Two plaintiffs in the First Nations child welfare class action hope the landmark proposed settlement ensures other families don’t have to suffer the same tribulations they did.
Canada agreed in principle on Dec. 31 to two deals worth roughly $20 billion each to compensate victims of a racist, underfunded system and pay for its long-term reform.
“It will not ease all the pain and the trauma we incurred. That’s for sure,” reflected lead plaintiff Zach Trout on Nation to Nation. “Because we’re still living through that trauma.”
The Cree father from Cross Lake First Nation in Manitoba says communities still need better access to essential programs and services so other families don’t have to struggle.
“That’s the reason why I took a stand, because I still see children that are still suffering today, which they shouldn’t be,” he said. “I wasn’t in it for myself or anything else like that. I was in it to try to improve the lives of our children.”
Two of Trout and his wife Veronica’s six children had Batten disease, a rare genetic disorder that begins in childhood and causes severe cognitive impairment.
Sanaye and Jacob were born in 1998 and 2002 respectively. Both died from their condition before age 10. Their parents cared for them round the clock for 13 years.
The children’s suffering was exacerbated because the things they needed weren’t available on the First Nation, Trout told N2N.
They were caught in a jurisdictional dispute similar to young Jordan River Anderson, a Cree boy from Manitoba who died in hospital at age five while the province and Ottawa squabbled over who would pay for his home care.
Trout’s statement of claim alleges Canada has known since at least 1981 these jurisdictional disputes were hurting people because that’s when a House of Commons special committee concluded the situation “leaves the Indians themselves confused since they are frequently left without any services while the two Governments are arguing.”
In class-action lawsuits, one person comes forward to represent a group of claimants, and so the inclusion or exclusion of people numbering potentially in the thousands was at stake with Trout’s claim.
At first, Ottawa wanted to fight him in court. The federal government argued it wasn’t liable because Jordan’s Principle, which the House adopted in 2007 to stop these disputes, didn’t exist yet.
But when he heard Canada changed its mind — that children who didn’t receive or were delayed receiving an essential public service or product between 1991 and 2007 would be eligible for compensation — he was overwhelmed.
“I was kind of surprised, because I was ready to go into a battle with this,” Trout said. “I wanted to take a stand for the children that are going through the same suffering in our First Nations community.”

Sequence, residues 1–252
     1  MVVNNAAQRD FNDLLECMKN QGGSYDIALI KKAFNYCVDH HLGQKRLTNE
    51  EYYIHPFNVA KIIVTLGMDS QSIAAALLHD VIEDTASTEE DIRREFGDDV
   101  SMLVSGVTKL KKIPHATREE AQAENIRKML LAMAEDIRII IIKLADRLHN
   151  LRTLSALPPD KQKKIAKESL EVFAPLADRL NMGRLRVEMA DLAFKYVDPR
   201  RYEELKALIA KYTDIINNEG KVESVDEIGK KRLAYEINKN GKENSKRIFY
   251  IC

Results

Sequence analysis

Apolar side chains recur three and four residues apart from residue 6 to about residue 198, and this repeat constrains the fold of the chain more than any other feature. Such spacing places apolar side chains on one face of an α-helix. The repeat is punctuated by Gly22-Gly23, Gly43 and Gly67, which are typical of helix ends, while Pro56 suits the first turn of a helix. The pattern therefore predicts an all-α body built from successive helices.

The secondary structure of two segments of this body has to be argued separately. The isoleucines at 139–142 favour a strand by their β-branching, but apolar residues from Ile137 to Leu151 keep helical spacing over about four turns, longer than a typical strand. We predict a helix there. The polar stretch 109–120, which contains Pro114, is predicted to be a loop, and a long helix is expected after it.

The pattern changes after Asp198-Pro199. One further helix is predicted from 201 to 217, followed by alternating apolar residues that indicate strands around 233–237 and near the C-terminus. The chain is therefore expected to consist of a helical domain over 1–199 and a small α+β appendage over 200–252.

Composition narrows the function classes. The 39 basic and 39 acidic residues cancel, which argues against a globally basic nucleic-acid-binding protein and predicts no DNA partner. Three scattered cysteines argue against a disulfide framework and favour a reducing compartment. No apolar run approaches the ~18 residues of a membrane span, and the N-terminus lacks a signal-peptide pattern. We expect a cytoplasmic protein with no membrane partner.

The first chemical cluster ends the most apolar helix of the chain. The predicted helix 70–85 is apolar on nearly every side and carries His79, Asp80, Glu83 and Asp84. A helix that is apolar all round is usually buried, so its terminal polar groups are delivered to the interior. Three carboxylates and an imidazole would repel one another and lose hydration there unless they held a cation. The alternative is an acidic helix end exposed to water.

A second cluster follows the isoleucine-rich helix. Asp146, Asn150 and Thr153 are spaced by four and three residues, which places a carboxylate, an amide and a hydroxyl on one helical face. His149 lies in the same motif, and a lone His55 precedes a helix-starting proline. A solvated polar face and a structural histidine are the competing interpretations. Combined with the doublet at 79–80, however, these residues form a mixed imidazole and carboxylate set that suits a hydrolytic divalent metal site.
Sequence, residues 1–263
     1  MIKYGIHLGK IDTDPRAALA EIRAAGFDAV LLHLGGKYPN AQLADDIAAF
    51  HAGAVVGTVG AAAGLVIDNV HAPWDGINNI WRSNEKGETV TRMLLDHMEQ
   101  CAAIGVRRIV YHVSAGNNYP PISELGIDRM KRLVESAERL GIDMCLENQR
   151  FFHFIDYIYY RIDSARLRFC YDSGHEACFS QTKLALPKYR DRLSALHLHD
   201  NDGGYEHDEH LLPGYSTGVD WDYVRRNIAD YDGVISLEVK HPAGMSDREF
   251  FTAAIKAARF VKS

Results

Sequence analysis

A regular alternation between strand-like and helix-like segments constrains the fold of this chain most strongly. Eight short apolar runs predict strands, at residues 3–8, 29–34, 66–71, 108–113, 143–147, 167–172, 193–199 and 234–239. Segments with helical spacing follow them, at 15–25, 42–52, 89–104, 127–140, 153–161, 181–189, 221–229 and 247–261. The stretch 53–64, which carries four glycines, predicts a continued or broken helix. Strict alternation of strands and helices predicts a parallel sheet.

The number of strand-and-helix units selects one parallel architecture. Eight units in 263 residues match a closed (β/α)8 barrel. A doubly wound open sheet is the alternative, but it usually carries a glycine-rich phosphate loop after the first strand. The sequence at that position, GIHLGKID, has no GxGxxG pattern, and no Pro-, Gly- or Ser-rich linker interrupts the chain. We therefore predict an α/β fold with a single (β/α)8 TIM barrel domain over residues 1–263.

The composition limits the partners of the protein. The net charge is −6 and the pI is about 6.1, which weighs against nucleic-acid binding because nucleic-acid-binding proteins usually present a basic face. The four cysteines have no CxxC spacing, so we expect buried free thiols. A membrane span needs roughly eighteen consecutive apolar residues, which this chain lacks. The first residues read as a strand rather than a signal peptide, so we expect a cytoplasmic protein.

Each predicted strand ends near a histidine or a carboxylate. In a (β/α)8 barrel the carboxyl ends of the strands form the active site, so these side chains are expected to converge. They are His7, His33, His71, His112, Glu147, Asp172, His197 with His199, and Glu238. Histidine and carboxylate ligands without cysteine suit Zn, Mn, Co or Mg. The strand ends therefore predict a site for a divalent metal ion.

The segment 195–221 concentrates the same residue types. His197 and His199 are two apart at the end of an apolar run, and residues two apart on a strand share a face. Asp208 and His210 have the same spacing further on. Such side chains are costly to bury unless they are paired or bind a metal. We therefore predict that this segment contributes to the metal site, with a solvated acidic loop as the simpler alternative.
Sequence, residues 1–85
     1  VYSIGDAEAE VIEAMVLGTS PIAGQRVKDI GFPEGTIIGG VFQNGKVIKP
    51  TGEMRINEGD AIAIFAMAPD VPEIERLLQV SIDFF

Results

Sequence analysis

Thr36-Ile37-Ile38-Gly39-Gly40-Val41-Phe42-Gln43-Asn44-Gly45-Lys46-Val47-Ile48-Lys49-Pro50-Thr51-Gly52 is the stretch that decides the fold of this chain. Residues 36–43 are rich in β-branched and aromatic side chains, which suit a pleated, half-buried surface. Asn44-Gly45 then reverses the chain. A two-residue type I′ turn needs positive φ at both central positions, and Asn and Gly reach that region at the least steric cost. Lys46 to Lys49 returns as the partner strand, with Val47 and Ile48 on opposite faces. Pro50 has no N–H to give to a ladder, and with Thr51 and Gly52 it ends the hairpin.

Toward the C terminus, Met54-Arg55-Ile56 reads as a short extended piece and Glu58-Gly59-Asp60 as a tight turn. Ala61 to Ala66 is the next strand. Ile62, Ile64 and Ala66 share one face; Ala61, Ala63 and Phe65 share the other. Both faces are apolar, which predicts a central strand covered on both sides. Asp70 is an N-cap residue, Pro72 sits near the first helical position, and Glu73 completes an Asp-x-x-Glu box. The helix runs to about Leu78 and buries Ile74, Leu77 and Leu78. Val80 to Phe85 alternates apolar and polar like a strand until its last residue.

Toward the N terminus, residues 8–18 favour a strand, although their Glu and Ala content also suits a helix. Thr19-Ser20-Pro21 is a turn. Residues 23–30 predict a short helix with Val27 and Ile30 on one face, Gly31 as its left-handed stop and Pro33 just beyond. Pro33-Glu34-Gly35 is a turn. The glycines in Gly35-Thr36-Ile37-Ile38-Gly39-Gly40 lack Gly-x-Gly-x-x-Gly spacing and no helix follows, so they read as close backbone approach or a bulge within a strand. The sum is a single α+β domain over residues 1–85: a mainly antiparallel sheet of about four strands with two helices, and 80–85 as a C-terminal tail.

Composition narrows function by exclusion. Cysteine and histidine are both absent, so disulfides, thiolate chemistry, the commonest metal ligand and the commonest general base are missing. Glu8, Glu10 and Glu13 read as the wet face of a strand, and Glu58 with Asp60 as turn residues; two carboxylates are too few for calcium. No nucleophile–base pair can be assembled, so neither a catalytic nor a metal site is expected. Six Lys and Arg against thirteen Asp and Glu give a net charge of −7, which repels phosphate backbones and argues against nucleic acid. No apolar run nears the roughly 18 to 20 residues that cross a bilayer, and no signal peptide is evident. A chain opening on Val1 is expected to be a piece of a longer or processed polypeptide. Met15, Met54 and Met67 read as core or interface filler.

Canada has been fighting legal battles over First Nations child welfare for nearly 15 years.
That’s why skepticism was the first thing that went through Jonavon Meawasige’s mind when he heard about the proposed agreements.
“I’m a little bit skeptical about where the government could still change their minds on the deal. But other than that, I’m happy,” said Meawasige. “I’m happy for the children that will benefit from this decision that Canada made.”
Meawasige, a lobster fisherman from Pictou Landing First Nation in Nova Scotia, is the appointed legal guardian for his brother Jeremy.
Jeremy has multiple disabilities and is the lead plaintiff for children denied services after 2007.
Even once Jordan’s Principle came into existence, Canada was so stingy and strict about it that years later an $11-million fund set up for the program had never been accessed.
Jeremy and Jonavon’s mom Maurina Beadle sued Canada in 2012 because of its narrow approach — and won.
Beadle fought fiercely for Jeremy’s rights, but the family nevertheless went through a lot of pain, suffering and hardship.
“There was a lot of times where we didn’t know where the money was going to come from. A lot of the time we struggled to even keep things on the table for the three of us,” Jonavon said. “It was always just the three of us growing up.
“Hopefully this benefits more children, and keeps children home with their families.”
That’s the other part of the proposed settlement. Children scooped from their homes on reserves and in the Yukon between 1991 — which was when the discriminatory child welfare funding policy came into force — and spring 2022 are expected to receive at least $40,000 each.
But how much money people like Jeremy, Jonavon and the Trout family will get hasn’t been negotiated yet.
Jonavon said the compensation would provide for important upgrades Jeremy needs to keep him where he belongs — in his community.
“He would get the extra things that he would need to stay at home.”